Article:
- 1Spain: An attractive country for investment
- 2Setting up a business in Spain
- 3 Tax System
- 4 Investment aid and incentives in Spain
- 5 Labor and social security regulations
- 6 Intellectual property law
- 7Legal framework and tax implications of e-commerce in Spain
- AI Annex I Company and Commercial Law
- AIIAnnex II The Spanish financial system
- AIIIAnnex IIIAccounting and audit issues
- Central government taxes
- Corporate Income Tax
- Personal Income Tax
- Nonresident Income Tax
- Wealth Tax
- Inheritance and Gift Tax
- Spanish Value Added Tax
- Transfer and Stamp Tax
- Excise and Special Taxes
- Custom Duties on Imports
- Tax on Insurance Premiums
- Tax on Financial Transactions
- Tax on certain Digital Services
- Reporting obligations relating to Assets and Rights Abroad
- Special Regimes of certain Autonomous Communities
- Local taxes
- Exhibit I - Corporate income tax incentives for investment
- Exhibit II - Treaty tax rates
- Exhibit III - Practical examples
- Exhibit IV - Case of Application of the Regime for foreign-securities holding companies (ETVE)...
- Exhibit V - Nonresident case study: Income obtained without a permanent establishment
- Exhibit VI - VAT case study
2Central government taxes
2.13 Reporting obligations relating to assets and rights abroad
The law regulates an obligation to report assets and rights abroad that applies to individuals and legal entities (including pass-through entities) resident in Spain or nonresident with a permanent establishment.
This obligation affects accounts, securities (including insurance and life or temporary annuities) and real estate or rights over real estate, with certain quantitative and qualitative exceptions.
Although this is a purely formal obligation to be met each year in relation to information referring to the preceding year (the first return to be filed being that relating to the fiscal years ending on or after October 29, 2012), the failure to comply with this obligation or the incorrect or late compliance with this obligation was subject to a costly penalty regime pursuant to which penalties were calculated per item or set of data not reported or reported inaccurately or late.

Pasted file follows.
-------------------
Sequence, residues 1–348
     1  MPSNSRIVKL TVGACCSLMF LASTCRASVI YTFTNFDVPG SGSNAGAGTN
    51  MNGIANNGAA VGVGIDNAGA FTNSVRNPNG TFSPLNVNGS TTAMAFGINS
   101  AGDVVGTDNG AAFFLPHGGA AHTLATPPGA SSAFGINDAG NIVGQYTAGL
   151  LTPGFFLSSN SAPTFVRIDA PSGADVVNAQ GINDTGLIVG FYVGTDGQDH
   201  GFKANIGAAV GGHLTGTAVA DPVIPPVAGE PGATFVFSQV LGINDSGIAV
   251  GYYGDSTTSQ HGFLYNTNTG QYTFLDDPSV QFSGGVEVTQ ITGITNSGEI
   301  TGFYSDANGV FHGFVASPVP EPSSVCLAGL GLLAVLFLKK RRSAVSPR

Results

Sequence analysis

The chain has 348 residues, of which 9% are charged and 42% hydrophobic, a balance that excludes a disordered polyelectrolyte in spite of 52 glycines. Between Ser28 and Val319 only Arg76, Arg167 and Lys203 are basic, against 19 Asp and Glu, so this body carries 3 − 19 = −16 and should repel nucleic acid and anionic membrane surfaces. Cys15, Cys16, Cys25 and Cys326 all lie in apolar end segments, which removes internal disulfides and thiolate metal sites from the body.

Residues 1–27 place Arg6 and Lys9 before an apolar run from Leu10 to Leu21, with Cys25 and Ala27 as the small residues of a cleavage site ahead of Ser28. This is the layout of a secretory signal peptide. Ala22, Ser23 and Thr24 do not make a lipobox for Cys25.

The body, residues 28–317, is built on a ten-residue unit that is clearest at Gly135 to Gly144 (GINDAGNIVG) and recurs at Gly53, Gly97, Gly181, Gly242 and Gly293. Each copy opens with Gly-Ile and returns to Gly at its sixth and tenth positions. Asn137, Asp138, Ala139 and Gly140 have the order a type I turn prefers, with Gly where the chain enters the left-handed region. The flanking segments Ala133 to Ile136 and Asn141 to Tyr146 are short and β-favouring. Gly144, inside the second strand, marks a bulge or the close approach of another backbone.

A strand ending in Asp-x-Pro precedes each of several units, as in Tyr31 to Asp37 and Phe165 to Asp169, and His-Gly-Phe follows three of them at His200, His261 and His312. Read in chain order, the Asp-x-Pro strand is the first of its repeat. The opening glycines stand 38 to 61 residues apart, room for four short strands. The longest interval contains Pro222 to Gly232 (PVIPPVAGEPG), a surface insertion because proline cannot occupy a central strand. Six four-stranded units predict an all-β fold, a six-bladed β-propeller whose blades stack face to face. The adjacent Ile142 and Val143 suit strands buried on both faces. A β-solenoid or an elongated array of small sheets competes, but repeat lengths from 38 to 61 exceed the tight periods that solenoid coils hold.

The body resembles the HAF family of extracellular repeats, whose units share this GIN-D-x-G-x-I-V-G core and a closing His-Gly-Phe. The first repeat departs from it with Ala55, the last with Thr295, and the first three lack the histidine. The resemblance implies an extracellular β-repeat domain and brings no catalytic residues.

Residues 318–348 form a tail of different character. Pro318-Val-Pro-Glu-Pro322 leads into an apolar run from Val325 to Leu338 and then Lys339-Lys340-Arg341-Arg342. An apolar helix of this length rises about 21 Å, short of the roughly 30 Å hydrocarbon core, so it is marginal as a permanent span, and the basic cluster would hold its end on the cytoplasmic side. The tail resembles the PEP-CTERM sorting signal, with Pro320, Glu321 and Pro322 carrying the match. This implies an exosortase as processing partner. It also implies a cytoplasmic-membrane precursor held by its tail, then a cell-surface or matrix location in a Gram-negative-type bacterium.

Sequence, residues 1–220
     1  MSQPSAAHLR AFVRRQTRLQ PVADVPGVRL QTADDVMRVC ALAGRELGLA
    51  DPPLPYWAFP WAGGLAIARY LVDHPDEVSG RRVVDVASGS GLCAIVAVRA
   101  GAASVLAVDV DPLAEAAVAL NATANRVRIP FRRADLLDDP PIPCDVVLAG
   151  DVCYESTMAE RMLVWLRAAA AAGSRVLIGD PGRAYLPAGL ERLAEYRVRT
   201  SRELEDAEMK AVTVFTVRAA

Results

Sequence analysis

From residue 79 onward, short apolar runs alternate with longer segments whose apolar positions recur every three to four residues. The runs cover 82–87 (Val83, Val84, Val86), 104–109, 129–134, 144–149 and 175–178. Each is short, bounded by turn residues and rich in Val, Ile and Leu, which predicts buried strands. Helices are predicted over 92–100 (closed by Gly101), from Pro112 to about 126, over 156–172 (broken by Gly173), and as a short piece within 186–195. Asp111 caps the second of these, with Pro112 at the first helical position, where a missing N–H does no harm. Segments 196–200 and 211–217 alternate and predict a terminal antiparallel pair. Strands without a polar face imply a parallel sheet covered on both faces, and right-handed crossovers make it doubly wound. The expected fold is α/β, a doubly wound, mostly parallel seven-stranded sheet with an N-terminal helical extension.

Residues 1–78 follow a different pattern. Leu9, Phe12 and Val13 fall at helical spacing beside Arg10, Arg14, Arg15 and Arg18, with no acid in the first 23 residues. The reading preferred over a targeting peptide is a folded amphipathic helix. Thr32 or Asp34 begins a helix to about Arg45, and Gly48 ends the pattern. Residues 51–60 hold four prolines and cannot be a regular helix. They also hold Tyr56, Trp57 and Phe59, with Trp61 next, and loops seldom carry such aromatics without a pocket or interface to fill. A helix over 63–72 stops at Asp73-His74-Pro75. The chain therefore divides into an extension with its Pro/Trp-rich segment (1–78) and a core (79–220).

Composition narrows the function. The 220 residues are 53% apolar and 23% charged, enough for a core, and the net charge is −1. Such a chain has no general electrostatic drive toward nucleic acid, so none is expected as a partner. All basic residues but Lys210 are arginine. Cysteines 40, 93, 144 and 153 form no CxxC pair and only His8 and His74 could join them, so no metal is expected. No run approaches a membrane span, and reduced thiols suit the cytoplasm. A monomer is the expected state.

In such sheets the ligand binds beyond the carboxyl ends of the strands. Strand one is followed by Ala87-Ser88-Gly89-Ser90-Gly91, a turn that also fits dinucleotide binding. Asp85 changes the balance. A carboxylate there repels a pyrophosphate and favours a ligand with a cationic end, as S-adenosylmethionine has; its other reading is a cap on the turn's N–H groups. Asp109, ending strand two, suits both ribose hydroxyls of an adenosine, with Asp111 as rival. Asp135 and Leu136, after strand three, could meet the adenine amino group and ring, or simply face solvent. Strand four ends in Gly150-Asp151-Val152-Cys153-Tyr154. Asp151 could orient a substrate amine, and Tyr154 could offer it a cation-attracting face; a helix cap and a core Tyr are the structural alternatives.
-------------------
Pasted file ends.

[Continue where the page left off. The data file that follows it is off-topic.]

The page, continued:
In addition, if this obligation was not fulfilled in a timely manner, the income detected was deemed undisclosed income or an unjustified capital gain for CIT or PIT purposes, respectively, attributable to the last earliest period of those not statute-barred, even if it were proven that the income was generated before that, unless it was evidenced that the income was reported and tax was paid on it or that it was generated when the taxpayer was not resident in Spain. If this undisclosed income or unjustified capital gain were attributed to the taxpayer, it could entail a penalty of 150% of the tax debt derived from that attribution.
These consequences (attribution of undisclosed income or unjustified capital gains, fixed penalties and penalty of 150%) were analyzed by the European Commission through an infringement proceeding brought against Spain (2014/4330 C (2017) 1064) in accordance with article 258 of the Treaty on the Functioning of the EU.
The CJEU finally ruled, in a judgment of January 27, 2022, that Spain had breached its obligations pursuant to the principle of free movement of capital, for the following reasons:
- Because the breach of, or the incorrect or late compliance with, the obligation entails taxing the undisclosed income without the possibility for the taxpayer to invoke the statute-barring of the tax obligation.
- Because it penalizes such conduct with a penalty of 150% of the tax payable relating to that attribution of unreported income, which can also be accumulated to fixed fines.
- Lastly, because it penalizes such breaches with unlimited fixed fines that are not proportional to the penalties established in a purely national context.
Pursuant to that judgment, Law 5/2022, of March 9, 2022, was approved, effective starting on March 11, 2022, eliminating the aforementioned penalty regime, and establishing that the income allocable to assets or rights that was not reported or that was reported late is an unjustified gain. Notwithstanding, the CJEU judgment should have immediate effects following its publication, and the State Tax Agency is already refunding the penalties charged previously.
The Central Economic-Administrative Tribunal ruled, in a recent decision from March 2022, that the effects of the judgment are applicable immediately, but remembering that Spanish legislation still includes a regime of attribution of unreported income or capital gains (that does not depend on the existence of this disclosure of assets and rights abroad through the aforementioned return). Thus if, due to filing that return, there is a disclosure of income not reported previously (and generated when the taxpayer was a resident), the taxpayer must be in a position to prove that it was generated in statute-barred periods, in order to avoid said attribution to the tax base.
For now, after the elimination of the specific penalty regime for the failure to file said return, Spain has not established any penalty regime other than the one established for the rest of informational returns.
The general return period runs from January 1 to March 31 of the year following that for which the return is filed.